Parashat Vayeilekh – 5782

September 29, 2022

Click HERE for an audio recording of this D’var Torah A D’var Torah for Parashat Vayeilekh By Rabbi Matthew Goldstone This past week thousands of Jews gathered in person and online to celebrate Rosh Hashanah. We now find ourselves in the midst of עשרת ימי תשובה, the 10 days of repentance leading up to Yom Kippur. Yet, even during this week between the Yamim Noraim we continue with our regular Torah reading cycle. This week of Shabbat Shuvah we read the short parashah of Vayeilekh in which Moses announces to the Israelites that he has reached 120 years of age and will no longer lead the Israelites forward. At this time in our Jewish calendar of sacred gatherings, I would like to explore three instances in our parashah in which all of the Israelites gather together. At the very outset of the portion, Moses speaks to “all of Israel” and encourages them to be strong and resolute (חזקו ואמצו; Deut. 31:6). For this moment...

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Parashat Vayeilekh 5782

September 10, 2021

Click HERE for an audio recording of this D’var Torah A D’var Torah for Parashat Vayeilekh By Rabbi Matthew Goldstone Shanah tovah! As we transition into a new Jewish year we also near the completion of our annual reading of the Torah and prepare to begin the cycle again. This week, at the beginning of parashat Vayeilekh, Moses speaks briefly to the Israelites before turning his attention to Joshua. With Joshua poised to take the helm, Moses offers him a few words of wisdom before he leads the people into the promised land. I would suggest that the beginning of our parasha not only offers sagacious advice for Joshua and the Israelites, but also provides important guidance and reminders for contemporary Jewish leaders. I would like to highlight three lessons that emerge as we look closely at the beginning of Deuteronomy 31. First, the very name of our parasha evokes...

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Parashat Nitzavim – Vayeilekh 5780

September 11, 2020

Tomorrow’s Giants On Our Shoulders A D’var Torah for Parashat Nitzavim-Vayeilekh By Rabbi David Markus We stand on the shoulders of giants. Much that we have, much that we are becoming, are harvests of trees our ancestors planted. We inherit their shalshelet – their spiritual and practical causation both wise and unwise, healthy and not – along with what they received from their ancestry. Legacy courses through us as history’s heartbeat. We and how we live our lives are the next beat, the eternal river’s next bend on its endless flow. So of course, we stand on yesterday’s shoulders. But how about tomorrow’s giants on our shoulders? If we really felt the future on our shoulders, would we live differently? Torah’s Nitzavim-Vayeilekh asks that question directly. The Covenant is made with “everyone standing here today,” and also “everyone not standing here today” (Deut. 29:13-14). “Everyone not standing here today” are...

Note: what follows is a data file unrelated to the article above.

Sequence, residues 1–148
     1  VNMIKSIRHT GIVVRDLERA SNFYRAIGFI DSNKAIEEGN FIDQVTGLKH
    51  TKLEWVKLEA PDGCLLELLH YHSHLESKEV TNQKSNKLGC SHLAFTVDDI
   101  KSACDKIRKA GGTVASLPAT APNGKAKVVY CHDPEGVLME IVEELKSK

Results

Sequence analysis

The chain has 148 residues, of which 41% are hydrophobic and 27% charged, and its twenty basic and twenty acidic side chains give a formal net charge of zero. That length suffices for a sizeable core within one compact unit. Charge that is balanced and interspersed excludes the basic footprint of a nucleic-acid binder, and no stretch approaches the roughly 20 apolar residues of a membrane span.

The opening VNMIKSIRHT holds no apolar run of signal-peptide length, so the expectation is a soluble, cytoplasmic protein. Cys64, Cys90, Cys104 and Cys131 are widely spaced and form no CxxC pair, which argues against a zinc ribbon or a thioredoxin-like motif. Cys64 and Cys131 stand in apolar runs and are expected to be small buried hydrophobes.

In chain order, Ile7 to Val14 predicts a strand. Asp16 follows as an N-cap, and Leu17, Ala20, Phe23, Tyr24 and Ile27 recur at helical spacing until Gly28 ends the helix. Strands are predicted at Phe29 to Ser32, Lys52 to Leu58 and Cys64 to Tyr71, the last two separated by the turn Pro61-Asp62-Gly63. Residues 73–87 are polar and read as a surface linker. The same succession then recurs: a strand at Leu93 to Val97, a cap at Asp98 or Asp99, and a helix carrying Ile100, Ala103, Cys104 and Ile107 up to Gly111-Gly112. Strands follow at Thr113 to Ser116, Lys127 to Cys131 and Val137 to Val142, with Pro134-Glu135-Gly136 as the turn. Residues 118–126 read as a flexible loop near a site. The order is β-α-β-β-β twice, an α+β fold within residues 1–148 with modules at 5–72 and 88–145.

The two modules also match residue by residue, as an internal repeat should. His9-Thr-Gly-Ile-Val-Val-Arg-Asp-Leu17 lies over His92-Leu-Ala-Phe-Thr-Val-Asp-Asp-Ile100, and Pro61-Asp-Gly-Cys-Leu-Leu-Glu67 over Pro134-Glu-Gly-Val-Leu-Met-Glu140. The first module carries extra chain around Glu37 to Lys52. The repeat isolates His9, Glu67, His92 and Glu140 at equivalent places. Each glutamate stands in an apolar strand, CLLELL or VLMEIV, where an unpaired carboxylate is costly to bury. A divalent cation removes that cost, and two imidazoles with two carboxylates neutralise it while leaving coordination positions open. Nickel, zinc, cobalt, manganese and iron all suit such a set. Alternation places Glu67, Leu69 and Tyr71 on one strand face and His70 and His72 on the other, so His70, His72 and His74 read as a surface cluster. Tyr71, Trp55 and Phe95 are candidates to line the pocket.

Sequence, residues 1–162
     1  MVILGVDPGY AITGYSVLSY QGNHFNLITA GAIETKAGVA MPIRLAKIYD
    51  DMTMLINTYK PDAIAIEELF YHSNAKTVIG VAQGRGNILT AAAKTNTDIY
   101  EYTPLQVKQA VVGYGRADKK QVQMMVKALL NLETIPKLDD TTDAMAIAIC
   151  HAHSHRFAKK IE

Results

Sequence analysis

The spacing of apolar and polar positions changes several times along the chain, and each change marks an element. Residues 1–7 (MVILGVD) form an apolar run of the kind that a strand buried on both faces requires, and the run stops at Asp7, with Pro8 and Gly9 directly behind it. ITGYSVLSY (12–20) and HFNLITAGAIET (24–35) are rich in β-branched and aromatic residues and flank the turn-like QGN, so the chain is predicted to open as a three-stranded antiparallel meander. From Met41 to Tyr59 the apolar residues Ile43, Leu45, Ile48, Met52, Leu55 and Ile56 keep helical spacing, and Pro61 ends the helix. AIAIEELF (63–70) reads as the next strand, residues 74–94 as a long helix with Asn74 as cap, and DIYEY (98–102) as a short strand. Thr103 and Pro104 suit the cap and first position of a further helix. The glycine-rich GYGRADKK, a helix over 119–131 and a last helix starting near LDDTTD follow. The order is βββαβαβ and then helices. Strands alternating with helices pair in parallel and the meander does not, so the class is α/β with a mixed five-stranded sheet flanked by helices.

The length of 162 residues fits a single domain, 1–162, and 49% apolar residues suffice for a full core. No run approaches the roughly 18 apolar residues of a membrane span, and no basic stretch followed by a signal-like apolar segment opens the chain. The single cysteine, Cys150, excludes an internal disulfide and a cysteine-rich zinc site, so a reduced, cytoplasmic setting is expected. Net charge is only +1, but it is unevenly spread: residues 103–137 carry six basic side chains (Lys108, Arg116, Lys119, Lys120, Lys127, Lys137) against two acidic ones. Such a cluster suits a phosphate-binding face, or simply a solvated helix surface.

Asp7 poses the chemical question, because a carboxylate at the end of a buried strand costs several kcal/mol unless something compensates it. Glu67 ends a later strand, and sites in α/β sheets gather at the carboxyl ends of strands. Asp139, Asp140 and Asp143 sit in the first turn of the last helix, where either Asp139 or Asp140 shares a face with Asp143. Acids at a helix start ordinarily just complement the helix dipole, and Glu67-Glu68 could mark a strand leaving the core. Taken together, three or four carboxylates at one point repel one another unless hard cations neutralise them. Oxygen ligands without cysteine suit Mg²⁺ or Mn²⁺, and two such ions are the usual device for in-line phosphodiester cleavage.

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Parashat Vayeilekh 5780

October 3, 2019

A D’var Torah for Parashat Vayeilekh By Rabbi David Markus Rosh Hashanah brings a spiritual lag between the year’s reboot and Torah’s reboot, like our northern latitude’s seasonal lag between sun angle and temperature. This spiritual lag raises two questions. First, shouldn’t Rosh Hashanah, which recalls the Yom Harat Olam (Creation’s birthday) of Genesis 1, therefore also be Simhat Torah to reboot the Torah cycle at the same time? Second, precisely because Simhat Torah lags behind by over three weeks, what spiritual meaning to make of this lag and this week’s Torah portion (Vayeilekh) that begins to fill it? Talmud’s explanation for the lag is that Rosh Hashanah should follow only after we read Torah’s “curses” of consequence for disobedience (Megillah 31b). That’s Deuteronomic theology in a nutshell: spiritually speaking, we get what we deserve and we deserve what we get. To me, Talmud’s premise doesn’t hold. Even if we...

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Parashat Nitzavim-VaYelekh

September 22, 2011

By Rabbi Robert Freedman Two phrases vie for the honor of being the most important in the Torah, “Love your neighbor as yourself,” and “Humanity was made in the divine image.” Humbly I’d like to nominate another for one of the top ten. The verse is, “For the thing is very close to you, in your mouth and in your heart to do it” (Deuteronomy 30:14). No other verse in Torah offers as strong reassuring certainty that we need not be confused or despairing about where to find life’s instruction manual. At one time Moses protested that he was not a man of words, that for him speech was difficult and his lips were not fluent. But forty years later he preached the words of Deuteronomy. Throughout a full day he held forth, concluding by saying that the thing, the commandment, was not too far away or too difficult, “rather...

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